Here, Porter argues that it was a mistake for the Director to deny her claims based on his conclusion that "[s]ince there is no such injury as multiple chemical sensitivity, there is no injury per se." The LIRAB majority determined that Porter failed to produce "substantial evidence" of a mistake to support her HRS § 386-89(c) request for reopening. Porter challenges the ICA's affirmance of the LIRAB majority's determination that she failed to produce substantial evidence to support her allegations of a mistake of fact related to the Director's determination that she had not suffered a compensable illness because MCS is not an "injury per se." Porter also argues that it was a mistake for her claim to have been decided on the question of whether MCS is a legitimate diagnosis, rather than on the question of whether her injury-described as MCS or otherwise-was work related.

The LIRAB majority's conclusion that Porter failed to present substantial evidence of a mistake in the determination of a fact was based on its finding that Porter "offered no new credible or reliable evidence that that [sic] MCS is, was, or has become an accepted medical diagnosis or a valid medical disorder." The LIRAB's and subsequently the ICA's characterization of the basis for Porter's allegations of mistake was artificially narrow. The LIRAB's decision appears to assume that Porter was arguing that the alleged mistake was only that MCS became a more recognized diagnosis subsequent to the original disposition of her claims.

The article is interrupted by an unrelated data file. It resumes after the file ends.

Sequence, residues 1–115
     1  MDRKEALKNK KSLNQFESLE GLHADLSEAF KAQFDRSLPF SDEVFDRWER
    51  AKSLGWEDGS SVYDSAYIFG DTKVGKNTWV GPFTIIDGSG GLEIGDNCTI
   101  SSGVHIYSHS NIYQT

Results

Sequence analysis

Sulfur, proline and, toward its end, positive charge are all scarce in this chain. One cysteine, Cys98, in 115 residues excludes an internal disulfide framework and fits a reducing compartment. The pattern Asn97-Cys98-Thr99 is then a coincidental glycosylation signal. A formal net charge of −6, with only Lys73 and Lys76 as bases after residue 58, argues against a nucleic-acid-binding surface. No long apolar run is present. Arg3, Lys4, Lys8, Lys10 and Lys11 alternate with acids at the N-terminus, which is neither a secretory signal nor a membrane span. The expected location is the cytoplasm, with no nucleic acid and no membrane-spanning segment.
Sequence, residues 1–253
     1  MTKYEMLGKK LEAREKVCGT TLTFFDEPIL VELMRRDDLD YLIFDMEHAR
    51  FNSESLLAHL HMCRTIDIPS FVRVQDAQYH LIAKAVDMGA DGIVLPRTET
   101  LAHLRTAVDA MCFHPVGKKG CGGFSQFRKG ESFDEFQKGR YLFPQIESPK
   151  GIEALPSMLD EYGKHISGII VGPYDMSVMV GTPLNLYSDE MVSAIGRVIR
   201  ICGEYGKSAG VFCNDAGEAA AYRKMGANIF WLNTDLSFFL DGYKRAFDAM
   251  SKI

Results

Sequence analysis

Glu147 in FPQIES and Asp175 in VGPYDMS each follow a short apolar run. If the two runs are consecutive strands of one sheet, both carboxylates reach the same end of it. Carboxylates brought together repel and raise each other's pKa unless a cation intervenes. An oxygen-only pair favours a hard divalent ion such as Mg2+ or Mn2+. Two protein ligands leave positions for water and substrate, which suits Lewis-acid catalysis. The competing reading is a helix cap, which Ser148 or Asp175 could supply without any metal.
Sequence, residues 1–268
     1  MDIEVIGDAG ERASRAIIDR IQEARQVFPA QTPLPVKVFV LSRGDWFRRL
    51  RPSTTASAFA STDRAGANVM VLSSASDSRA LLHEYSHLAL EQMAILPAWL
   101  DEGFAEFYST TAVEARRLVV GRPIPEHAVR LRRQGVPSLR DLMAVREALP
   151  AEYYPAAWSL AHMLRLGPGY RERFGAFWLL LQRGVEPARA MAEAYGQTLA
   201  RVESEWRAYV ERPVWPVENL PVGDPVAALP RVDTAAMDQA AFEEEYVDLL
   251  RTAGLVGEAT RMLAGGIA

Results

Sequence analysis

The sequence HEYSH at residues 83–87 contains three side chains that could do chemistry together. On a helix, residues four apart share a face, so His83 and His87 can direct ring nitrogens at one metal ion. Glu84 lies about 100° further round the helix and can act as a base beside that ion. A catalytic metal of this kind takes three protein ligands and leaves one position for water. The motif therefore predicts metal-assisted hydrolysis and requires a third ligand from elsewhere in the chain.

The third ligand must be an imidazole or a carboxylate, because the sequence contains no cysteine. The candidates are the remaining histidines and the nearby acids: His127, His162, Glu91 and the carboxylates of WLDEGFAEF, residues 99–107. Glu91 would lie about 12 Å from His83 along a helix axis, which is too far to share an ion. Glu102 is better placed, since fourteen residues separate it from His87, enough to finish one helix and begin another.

In fact, in addition to arguing the mistake recognized by the LIRAB, Porter also clearly argued that it was a mistake for the Director to dispose of her claims based on his conclusion that MCS is not an "injury per se" given that Disability Compensation Division ("DCD") Administrator Gary Hamada ("DCD Administrator Hamada") stated that the compensability of an MCS claim is dependent on whether or not it is work related. Porter supported this argument with substantial evidence, including two letters from DCD Administrator Hamada representing that an MCS injury may be compensable if it is determined to be work related. Throughout the litigation of her WC claims, Porter has repeatedly alleged that it was a mistake to deny her claims based on the Director's March 19, 2004 finding that "there is no such injury as multiple chemical sensitivity[.]"6 That decision, denying Porter's claims because MCS is not an injury, was signed by DCD Administrator Hamada. Just over two years later, on September 6, 2006, DCD Administrator Hamada represented to Senator Norman...